Inversion therapy in patients with pure single level lumbar discogenic disease: a pilot randomized trial

Manjunath Prasad, Barbara Gregson, Gerard Hargreaves, Tiernan Byrnes, Philip Winburn, Alexander David Mendelow

Research output: Contribution to journalArticlepeer-review

13 Citations (Scopus)


Purpose: Backache and sciatica due to protuberant disc disease is a major cause of lost working days and health expenditure. Surgery is a well-established option in the management flowchart. There is no strong evidence proving that traction for sciatica is effective. We report a pilot prospective randomized controlled trial comparing inversion traction and physiotherapy with standard physiotherapy alone in patients awaiting lumbar disc surgery. This study sought to study the feasibility of a randomized controlled trial on the effect of inversion therapy in patients with single level lumbar discogenic disease, who had been listed for surgery. Methods: This was a single centre prospective randomized controlled trial undertaken at the Regional Neurosciences Centre, Newcastle Upon Tyne, UK. It was a prospective randomized controlled trial where patients awaiting surgery for pure lumbar discogenic disease within the ambit of the prestated inclusion/exclusion criteria were allocated to either physiotherapy or physiotherapy and intermittent traction with an inversion device. Post-treatment assessment made by blinded observers at 6 weeks for various outcome measures included the Roland Morris Disability Questionnaire (RMDQ) Score, Short Form 36 (SF 36), Oswestry Disability Index (ODI), Visual Analogue Pain Score (VAS), magnetic resonance imaging (MRI) appearance and the need for surgery. Avoidance of surgery was considered a treatment success. Results: Twenty-six patients were enrolled and 24 were randomized [13 to inversion + physiotherapy and 11 to physiotherapy alone (control)]. Surgery was avoided in 10 patients (76.9%) in the inversion group, whereas it was averted in only two patients (22.2%) in the control group. Cancellation of the proposed operation was a clinical decision based on the same criteria by which the patient was listed for surgery initially. There were no significant differences in the RMDQ, SF 36, ODI, VAS or MRI results between the two groups. Conclusion: Intermittent traction with an inversion device resulted in a significant reduction in the need for surgery. A larger multicentre prospective randomized controlled trial is justified in patients with sciatica due to single level lumbar disc protrusions. Read More:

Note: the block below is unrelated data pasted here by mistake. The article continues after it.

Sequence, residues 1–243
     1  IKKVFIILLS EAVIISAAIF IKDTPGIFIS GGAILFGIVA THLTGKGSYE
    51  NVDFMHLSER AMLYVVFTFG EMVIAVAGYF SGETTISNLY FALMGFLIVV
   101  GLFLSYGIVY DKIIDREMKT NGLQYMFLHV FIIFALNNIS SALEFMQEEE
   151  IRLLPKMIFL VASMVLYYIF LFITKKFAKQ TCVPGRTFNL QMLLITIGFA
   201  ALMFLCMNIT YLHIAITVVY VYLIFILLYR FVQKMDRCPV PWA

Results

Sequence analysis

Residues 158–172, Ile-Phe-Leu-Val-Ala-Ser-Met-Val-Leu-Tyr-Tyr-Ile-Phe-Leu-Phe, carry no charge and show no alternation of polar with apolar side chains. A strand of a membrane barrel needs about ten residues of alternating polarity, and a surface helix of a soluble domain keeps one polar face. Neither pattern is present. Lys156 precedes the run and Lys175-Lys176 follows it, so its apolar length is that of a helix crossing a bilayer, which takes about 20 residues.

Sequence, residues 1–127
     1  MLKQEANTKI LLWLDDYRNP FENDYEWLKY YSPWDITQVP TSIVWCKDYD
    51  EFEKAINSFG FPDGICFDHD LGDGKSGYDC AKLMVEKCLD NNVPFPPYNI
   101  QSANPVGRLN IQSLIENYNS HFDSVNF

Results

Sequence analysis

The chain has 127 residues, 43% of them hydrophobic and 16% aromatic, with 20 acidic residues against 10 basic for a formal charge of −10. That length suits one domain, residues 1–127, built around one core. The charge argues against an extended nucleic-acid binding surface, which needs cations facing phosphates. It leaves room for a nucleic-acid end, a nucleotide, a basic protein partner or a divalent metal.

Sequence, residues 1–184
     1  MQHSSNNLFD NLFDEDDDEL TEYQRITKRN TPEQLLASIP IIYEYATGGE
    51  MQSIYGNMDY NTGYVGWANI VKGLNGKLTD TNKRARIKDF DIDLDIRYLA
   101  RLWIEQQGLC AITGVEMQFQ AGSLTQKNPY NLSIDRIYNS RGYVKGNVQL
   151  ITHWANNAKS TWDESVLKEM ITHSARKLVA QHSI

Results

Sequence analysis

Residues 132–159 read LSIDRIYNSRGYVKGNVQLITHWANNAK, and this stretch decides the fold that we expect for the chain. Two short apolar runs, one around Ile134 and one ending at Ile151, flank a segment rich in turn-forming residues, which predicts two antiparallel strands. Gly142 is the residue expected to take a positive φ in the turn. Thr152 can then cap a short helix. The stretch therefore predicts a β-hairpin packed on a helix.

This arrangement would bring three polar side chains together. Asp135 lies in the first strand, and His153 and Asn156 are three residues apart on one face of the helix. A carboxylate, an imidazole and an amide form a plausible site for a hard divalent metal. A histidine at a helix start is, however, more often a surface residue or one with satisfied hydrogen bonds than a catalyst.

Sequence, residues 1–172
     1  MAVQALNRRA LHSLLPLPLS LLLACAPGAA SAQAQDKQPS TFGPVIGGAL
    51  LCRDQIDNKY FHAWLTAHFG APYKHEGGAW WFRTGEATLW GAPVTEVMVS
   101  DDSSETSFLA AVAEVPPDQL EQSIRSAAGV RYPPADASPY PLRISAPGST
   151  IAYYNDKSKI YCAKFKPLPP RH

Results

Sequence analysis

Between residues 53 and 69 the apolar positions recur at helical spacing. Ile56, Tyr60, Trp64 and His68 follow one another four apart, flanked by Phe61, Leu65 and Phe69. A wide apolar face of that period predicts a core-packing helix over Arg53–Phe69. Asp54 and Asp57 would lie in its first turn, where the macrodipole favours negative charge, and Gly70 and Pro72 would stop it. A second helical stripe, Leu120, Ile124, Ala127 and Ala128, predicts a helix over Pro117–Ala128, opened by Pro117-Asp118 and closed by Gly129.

Original languageEnglish
Pages (from-to)1473-1480
JournalDisability and Rehabilitation
Issue number17
Publication statusPublished - 2012


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